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It was the slowest trip I ever took. But I felt as though I was seeing Glacier's runoff for the first time, too, watching through their eyes as the park, my Montana backyard, softened into the long-light days, liquefying more than half a year's hoard of crystals to swell rivers bound across North America for the Pacific, the Gulf of Mexico, and Hudson Bay.

This is where, around 75 million years ago, tectonic forces buckling Earth's crust sent a slab of rock miles thick sliding eastward on top of the strata next door. The overthrust block is a layer cake of cream-colored limestone and red and green mudstones formed between 1.5 billion and 800 million years ago in a shallow inland sea. Many rocks reveal patterns of ripples, mud cracks, and even raindrops, as if raised from the shores only yesterday. A few preserve mats and mounds of cyanobacteria mixed with silt, all turned to stone. As fossils go, these microbe colonies, termed stromatolites, aren't especially striking—they look like smooshed cabbage heads—but they represent some of the oldest organisms on record. More important, they may have been the first to practice photosynthesis, manufacturing sugar for food with the help of energy captured from the sun.

The waste product given off by this invention was oxygen. As it got pumped into early skies rank with carbon dioxide and methane, photosynthesis began to change the atmosphere. That in turn transformed the course of life. Ultimately, the humble clumps of cyanobacteria and their successors made inhaling sweet air possible—made you and me possible, and the mountain-goat nannies with young single-filing along a blade-thin ridge, and the hoary marmots eyeing my trail snacks from nearby boulders. It's the sort of thing you think about at 9,000 feet (2,700 meters) with your rump on an overhang built from primeval ocean bottom and nothing around the rest of your body but blue, blue breathable sky.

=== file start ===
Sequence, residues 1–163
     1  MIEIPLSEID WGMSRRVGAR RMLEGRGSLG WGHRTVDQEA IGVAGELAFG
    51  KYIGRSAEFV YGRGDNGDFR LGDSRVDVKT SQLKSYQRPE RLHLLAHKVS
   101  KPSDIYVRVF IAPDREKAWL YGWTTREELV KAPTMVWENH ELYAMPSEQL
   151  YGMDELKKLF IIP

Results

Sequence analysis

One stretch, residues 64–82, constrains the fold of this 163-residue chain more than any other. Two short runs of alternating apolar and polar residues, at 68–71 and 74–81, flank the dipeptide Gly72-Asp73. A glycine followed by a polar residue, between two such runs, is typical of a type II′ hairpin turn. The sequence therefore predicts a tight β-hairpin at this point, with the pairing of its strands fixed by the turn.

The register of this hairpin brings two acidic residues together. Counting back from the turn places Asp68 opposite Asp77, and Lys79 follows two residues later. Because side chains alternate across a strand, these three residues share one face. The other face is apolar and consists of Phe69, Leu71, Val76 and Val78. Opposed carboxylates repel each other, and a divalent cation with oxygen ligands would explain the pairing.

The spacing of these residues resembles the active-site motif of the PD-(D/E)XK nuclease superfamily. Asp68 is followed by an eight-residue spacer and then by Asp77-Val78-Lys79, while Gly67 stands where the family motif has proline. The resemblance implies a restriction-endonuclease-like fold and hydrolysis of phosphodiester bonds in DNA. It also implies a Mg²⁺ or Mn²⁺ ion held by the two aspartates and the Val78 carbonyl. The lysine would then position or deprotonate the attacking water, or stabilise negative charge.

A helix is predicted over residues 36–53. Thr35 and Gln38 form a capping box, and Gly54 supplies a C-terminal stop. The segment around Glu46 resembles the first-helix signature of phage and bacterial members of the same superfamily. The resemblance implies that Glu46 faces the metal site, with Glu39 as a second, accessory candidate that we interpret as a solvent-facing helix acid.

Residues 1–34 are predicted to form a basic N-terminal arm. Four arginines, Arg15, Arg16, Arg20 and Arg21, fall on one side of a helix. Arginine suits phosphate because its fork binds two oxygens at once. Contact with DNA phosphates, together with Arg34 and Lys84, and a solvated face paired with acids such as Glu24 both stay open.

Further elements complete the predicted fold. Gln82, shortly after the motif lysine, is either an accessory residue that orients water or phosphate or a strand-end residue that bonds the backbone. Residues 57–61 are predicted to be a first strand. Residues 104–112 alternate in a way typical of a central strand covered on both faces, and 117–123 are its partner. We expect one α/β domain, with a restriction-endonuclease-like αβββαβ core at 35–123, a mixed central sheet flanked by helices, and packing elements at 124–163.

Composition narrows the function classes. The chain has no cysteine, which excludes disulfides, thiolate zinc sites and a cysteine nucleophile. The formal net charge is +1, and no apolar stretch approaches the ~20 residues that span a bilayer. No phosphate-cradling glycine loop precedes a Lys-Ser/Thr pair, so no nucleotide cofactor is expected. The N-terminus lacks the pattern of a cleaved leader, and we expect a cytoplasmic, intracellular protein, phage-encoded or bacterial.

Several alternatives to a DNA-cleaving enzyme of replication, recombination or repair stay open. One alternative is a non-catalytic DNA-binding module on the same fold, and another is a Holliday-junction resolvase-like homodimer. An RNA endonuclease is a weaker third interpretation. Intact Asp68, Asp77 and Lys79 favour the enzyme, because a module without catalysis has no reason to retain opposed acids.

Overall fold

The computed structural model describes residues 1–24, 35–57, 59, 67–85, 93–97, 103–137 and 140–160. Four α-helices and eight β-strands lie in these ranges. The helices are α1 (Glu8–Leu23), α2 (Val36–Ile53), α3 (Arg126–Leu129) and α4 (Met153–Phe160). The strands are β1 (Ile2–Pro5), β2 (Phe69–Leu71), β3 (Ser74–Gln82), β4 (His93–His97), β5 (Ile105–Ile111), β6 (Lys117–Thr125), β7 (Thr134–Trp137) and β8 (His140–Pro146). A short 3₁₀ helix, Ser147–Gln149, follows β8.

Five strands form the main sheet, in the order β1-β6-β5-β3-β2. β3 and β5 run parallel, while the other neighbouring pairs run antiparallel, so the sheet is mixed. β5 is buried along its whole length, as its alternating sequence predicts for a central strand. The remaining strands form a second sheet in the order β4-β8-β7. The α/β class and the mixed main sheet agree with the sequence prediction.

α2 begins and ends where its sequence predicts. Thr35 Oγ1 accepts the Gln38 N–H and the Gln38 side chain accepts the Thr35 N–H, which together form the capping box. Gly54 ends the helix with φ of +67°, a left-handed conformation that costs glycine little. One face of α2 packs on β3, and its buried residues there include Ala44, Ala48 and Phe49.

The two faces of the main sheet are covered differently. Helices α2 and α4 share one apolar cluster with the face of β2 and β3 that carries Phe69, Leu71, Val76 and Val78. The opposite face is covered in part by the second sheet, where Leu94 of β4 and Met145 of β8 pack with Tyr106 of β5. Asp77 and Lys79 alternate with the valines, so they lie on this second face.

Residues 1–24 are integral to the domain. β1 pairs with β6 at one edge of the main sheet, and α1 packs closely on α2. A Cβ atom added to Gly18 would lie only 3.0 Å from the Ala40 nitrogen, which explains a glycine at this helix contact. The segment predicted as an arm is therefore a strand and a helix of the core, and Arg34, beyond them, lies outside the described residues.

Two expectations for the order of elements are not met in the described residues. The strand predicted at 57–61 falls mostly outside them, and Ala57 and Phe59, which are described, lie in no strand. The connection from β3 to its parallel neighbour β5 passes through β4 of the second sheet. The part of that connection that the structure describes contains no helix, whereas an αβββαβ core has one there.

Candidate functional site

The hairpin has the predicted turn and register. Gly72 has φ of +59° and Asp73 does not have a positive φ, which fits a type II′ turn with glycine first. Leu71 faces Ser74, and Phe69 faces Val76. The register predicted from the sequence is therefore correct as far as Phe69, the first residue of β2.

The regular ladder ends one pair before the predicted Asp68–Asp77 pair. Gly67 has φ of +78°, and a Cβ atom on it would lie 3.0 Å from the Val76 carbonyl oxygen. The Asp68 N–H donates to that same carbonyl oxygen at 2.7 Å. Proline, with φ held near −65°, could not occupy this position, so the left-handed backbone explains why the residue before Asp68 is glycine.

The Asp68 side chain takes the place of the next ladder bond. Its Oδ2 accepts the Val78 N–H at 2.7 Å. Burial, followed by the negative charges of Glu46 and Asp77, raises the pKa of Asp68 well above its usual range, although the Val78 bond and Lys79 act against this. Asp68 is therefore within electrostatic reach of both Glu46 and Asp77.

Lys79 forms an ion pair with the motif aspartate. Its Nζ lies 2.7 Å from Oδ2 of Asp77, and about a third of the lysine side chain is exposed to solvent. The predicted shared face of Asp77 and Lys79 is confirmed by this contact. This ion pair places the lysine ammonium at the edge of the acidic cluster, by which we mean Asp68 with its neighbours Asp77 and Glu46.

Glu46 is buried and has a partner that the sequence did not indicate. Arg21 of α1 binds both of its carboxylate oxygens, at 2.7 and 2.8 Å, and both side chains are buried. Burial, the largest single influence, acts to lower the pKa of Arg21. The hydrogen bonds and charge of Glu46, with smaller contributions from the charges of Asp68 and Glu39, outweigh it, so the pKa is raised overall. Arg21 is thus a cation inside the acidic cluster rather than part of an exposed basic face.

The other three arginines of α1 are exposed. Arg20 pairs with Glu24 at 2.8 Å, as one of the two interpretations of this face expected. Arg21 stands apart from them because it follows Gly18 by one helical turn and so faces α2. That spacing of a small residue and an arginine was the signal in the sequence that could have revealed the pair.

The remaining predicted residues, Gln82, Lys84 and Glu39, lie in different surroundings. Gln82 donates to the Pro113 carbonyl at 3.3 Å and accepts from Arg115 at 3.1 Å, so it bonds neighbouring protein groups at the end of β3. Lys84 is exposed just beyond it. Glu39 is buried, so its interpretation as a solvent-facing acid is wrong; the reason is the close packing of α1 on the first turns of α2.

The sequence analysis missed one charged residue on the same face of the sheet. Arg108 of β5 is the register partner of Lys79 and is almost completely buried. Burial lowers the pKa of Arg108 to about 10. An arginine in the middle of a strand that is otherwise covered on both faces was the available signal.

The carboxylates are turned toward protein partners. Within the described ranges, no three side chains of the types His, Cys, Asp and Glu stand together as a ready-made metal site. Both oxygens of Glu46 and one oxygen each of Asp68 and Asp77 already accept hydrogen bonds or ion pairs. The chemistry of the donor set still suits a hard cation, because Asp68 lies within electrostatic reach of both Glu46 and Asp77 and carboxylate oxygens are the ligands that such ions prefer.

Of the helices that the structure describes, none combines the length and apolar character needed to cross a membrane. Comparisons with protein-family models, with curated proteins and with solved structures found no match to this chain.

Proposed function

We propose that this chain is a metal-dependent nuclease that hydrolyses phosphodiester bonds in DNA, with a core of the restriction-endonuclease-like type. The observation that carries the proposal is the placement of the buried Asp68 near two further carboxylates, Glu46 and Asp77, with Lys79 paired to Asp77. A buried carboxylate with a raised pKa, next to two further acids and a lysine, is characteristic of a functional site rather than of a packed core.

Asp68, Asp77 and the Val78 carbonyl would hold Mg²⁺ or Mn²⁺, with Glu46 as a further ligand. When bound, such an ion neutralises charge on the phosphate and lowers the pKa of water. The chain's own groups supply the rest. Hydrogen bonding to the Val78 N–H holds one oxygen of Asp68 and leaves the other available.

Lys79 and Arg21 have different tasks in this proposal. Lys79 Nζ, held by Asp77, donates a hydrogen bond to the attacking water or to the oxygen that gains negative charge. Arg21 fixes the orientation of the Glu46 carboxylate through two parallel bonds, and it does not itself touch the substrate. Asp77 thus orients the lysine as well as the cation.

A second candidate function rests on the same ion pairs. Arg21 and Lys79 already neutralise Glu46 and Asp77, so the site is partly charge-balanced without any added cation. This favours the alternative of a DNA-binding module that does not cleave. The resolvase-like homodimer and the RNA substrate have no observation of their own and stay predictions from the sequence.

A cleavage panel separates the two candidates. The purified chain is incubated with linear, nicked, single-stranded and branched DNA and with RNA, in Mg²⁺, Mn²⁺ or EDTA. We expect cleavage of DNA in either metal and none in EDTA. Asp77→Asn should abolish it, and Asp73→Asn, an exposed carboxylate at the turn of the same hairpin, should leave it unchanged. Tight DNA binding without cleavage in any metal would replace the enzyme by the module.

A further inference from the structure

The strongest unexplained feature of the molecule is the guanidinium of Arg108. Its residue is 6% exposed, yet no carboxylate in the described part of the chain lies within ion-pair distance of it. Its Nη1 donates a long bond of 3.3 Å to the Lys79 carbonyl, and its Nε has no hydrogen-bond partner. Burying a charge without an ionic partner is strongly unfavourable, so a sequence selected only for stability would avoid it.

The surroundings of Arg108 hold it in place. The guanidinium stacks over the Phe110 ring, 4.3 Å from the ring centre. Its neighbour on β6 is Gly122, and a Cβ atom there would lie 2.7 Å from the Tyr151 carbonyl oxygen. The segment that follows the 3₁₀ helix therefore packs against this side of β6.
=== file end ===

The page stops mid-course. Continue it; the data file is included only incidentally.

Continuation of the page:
Eon after eon, weather scuffed the uptilted stone layers and poked at their weak spots. Then came the ice ages, and erosion bent to its work. Over the past two million years, glaciers as much as a mile thick flowed over all but the highest points, reaching tentacles of frost into the smallest crevices of rock formations and pulling hefty chunks away as the white juggernauts growled and oozed relentlessly on. The Rockies meanwhile kept rising; not much, maybe the thickness of a snow bunting's wing each year, but ceaselessly. And when the tide of ice finally withdrew, the Crown of the Continent emerged spectacularly cut and polished, its peaks taller than ever and their sides far steeper, soaring above valleys rasped into broad U shapes with open vistas where narrow canyons had been.

Small alpine glaciers persisted on summit shoulders. Others lay cupped in cirque basins or stretched beneath headwalls too high and sheer for the sun to climb over even in midsummer. About 150 glaciers existed when the park was established in 1910. Today, with human activities spewing carbon dioxide and methane as if we were intent on re-creating Earth's ancient atmosphere, a warming climate has reduced the number of moving glaciers to fewer than 30. Dan Fagre, a U.S. Geological Survey ecologist working in the reserve, says, "The last one will probably disappear by the year 2030, tops." How does Glacierless National Park sound?

Fagre has more pressing questions as he documents decreasing snowpacks, earlier spring runoffs, longer growing seasons, and tree lines marching uphill into former subalpine and alpine habitats. For example: What's in store for the wildlife communities this reserve is supposed to protect? What happens downstream to farmers and ranchers dependent on irrigation, to communities needing drinking water, to fishermen—not to mention the fish—even to distant barge operators, once the glaciers and permanent snowfields that reliably provided water through late summer are gone?

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